The dense concrete jungle that is Hong Kong can feel overwhelming at times. Here’s where to go for some solitude
Che Kung Temple (7 Che Kung Miu Rd, Tai Wai, Sha Tin) might have an MTR station named after it, but it’s far from the madding crowd. This is where you can get your future told by fortune tellers who ply their trade near the temple’s entrance. In fact, every Lunar New Year, the chairperson of the New Territories gets the fortune of the region read here. Note: Avoid visiting on public holidays, as that’s when the crowds descend.
Forget popular hiking trails like the Dragon’s Back; instead, try exploring Stage 3 of the Wilson’s Trail. Start at Lam Tin Park (Lin Tak Rd, Lam Tin) and climb the steps that will take you to a lookout spanning the Tseung Kwan O district. Follow the signs to Mau Wu Shan Castle; this Qing dynasty fortress was once used by the Japanese during the war to scan for enemy ships, and continues to provide excellent views of the nearby harbor.
Ma Wan is a predominantly residential island that also makes for a quiet oasis. One of its prime attractions is Tung Wan Beach, a white sand beach that sees fewer visitors than it should. Somewhat bizarrely, there’s a life-size replica of Noah’s Ark (33 Pak Yan Rd; +852 3411 8888; noahsark.com.hk) on its shores — this miniature family-friendly park is where parents and kids can participate in activities themed around nature, art and education.
Lantau, Lamma and Cheung Chau are the big islands that draw the crowds. However, for the adventurous, a trip to the “South Pole of Hong Kong” is in order. The remote island of Po Toi makes for a great day trip; with its chiselled rocks and gorgeous ocean vistas, this is pretty much picnic paradise. Do also try the island’s famed seaweed at one of its humble restaurants. You can get to the island by taking a ferry from Aberdeen Pier or Stanley Blake Pier.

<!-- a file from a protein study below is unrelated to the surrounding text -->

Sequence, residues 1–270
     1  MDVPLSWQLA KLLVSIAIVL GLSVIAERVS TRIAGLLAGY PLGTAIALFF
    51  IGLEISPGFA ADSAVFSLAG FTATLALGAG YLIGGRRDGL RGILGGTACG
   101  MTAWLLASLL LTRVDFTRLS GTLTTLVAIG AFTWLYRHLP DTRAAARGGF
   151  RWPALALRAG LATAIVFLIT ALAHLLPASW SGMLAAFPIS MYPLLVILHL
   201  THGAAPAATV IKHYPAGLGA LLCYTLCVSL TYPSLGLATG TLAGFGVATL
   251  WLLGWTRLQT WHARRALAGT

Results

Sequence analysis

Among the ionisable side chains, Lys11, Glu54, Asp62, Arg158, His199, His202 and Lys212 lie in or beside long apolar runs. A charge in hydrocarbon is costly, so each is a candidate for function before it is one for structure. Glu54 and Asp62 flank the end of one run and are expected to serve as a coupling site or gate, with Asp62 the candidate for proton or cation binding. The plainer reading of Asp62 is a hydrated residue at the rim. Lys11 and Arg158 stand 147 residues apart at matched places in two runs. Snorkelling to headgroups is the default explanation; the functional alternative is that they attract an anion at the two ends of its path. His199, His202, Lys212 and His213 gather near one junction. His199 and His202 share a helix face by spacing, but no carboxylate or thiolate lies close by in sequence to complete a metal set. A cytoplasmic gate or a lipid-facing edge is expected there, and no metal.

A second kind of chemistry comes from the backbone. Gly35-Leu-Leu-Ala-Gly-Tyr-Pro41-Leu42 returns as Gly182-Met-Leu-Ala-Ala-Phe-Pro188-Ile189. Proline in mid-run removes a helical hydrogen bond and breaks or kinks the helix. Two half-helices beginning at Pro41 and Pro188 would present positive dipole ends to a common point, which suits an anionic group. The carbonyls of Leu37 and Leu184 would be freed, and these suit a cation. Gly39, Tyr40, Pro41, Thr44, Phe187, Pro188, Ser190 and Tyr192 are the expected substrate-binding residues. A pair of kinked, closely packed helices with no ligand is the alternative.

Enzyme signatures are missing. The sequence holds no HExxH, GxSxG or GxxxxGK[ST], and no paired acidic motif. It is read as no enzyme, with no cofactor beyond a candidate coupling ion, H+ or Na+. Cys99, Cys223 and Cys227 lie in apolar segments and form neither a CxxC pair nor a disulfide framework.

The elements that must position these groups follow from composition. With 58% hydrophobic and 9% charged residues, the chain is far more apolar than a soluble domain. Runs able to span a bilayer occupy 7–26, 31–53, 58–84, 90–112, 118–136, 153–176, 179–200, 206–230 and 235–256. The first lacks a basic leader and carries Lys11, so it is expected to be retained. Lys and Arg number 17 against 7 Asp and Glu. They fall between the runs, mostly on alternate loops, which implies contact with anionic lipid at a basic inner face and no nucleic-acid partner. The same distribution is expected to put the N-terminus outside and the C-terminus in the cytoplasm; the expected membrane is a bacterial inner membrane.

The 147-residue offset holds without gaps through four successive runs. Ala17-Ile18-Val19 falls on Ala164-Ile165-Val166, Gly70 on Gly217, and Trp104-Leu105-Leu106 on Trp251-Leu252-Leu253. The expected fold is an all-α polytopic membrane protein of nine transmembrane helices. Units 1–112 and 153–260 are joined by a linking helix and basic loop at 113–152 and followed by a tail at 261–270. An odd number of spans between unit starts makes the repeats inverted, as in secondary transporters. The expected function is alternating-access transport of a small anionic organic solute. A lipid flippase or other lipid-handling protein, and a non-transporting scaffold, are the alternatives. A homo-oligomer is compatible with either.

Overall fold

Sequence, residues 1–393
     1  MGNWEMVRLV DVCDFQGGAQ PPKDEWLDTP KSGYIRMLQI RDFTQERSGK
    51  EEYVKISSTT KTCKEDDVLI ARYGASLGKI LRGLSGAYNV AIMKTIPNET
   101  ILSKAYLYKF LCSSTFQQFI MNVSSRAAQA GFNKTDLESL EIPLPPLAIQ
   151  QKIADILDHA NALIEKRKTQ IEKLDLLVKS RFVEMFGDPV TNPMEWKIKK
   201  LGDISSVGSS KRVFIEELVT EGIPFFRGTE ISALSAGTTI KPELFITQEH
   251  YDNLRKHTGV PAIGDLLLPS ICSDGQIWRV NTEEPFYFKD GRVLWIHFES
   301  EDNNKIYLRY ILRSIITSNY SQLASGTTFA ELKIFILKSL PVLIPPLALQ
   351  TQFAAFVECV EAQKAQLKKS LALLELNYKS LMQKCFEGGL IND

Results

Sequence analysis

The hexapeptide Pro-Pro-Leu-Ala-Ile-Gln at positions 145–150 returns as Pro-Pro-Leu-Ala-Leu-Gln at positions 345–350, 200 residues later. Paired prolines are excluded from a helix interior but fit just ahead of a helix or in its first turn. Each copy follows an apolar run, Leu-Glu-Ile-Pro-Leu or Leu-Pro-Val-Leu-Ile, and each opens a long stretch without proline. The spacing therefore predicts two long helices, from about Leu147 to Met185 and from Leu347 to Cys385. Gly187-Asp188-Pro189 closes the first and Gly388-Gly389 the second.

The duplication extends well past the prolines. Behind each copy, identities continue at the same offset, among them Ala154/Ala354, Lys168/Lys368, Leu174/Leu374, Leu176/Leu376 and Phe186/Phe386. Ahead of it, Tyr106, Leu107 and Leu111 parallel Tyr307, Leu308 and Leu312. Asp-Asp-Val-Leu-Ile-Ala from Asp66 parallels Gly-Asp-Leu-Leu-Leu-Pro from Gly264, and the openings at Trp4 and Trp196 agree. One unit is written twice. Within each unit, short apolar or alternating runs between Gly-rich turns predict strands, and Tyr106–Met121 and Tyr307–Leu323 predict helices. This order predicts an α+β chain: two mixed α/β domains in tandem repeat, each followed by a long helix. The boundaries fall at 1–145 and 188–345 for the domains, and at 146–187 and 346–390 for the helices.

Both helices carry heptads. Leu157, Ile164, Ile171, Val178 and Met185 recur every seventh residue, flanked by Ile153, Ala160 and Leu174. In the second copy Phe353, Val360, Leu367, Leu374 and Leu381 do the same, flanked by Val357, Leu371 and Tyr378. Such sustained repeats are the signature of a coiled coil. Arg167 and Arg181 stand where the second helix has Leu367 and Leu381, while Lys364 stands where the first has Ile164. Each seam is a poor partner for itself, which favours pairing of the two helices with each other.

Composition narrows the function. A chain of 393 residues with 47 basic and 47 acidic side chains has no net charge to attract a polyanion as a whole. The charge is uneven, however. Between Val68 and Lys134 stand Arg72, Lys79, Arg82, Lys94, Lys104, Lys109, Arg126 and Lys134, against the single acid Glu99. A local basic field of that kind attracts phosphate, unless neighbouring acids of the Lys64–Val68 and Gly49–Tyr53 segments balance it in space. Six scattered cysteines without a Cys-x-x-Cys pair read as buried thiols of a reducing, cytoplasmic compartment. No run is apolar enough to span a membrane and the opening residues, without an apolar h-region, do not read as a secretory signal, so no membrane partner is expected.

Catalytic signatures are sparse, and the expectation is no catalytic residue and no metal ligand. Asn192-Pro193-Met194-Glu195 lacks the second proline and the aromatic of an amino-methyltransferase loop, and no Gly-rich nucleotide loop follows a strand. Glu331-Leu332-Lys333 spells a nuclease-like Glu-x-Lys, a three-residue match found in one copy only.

Rent a two-wheeler in Sha Tin and pedal along the Shing Mun River. Then, head past Tai Po Waterfront Park and continue whizzing along the empty bicycle lanes. It’s a scenic journey — you’ll get to feast your eyes on dramatic mountainscapes while listening to the waves of Tolo Harbour in the distance. You’ll even pass a towering 76m-tall Guan Yin statue from the nearby Tsz Shan Monastery (88 Universal Gate Rd, Tai Po; +852 2123 8666). Continue along the path and you’ll reach Plover Cove Reservoir; cycle along the dam for stunning views of the New Territories.
Another rustic and unspoilt hideaway is the wetland park known as Nam Sang Wai (Yuen Long). It’s home to a wide variety of winged creatures, from black-faced spoonbills to northern pintails, making it every bird-watcher’s dream. Navigate its circuit by bike or on foot; you’ll hardly come across anyone else, except for the odd bridal shoot. To get there, take bus 76K from Yuen Long Station to Hung Mo Kiu, and follow the signs to Nam Sang Wai.
Despite its small size, Hong Kong is a foodie powerhouse. Good restaurants rarely remain under the radar for long, as word gets around quickly. However, there’s Mrs. Pound (6 Pound Ln, Sheung Wan; +852 3426 3949; mrspound.com) — an inconspicuous stamp store that’s actually a restaurant and speakeasy in disguise! Locate its secret entrance and you’ll find a hip eatery serving up innovative Asian cuisine.
Also read: 9 unique experiences to try in Hong Kong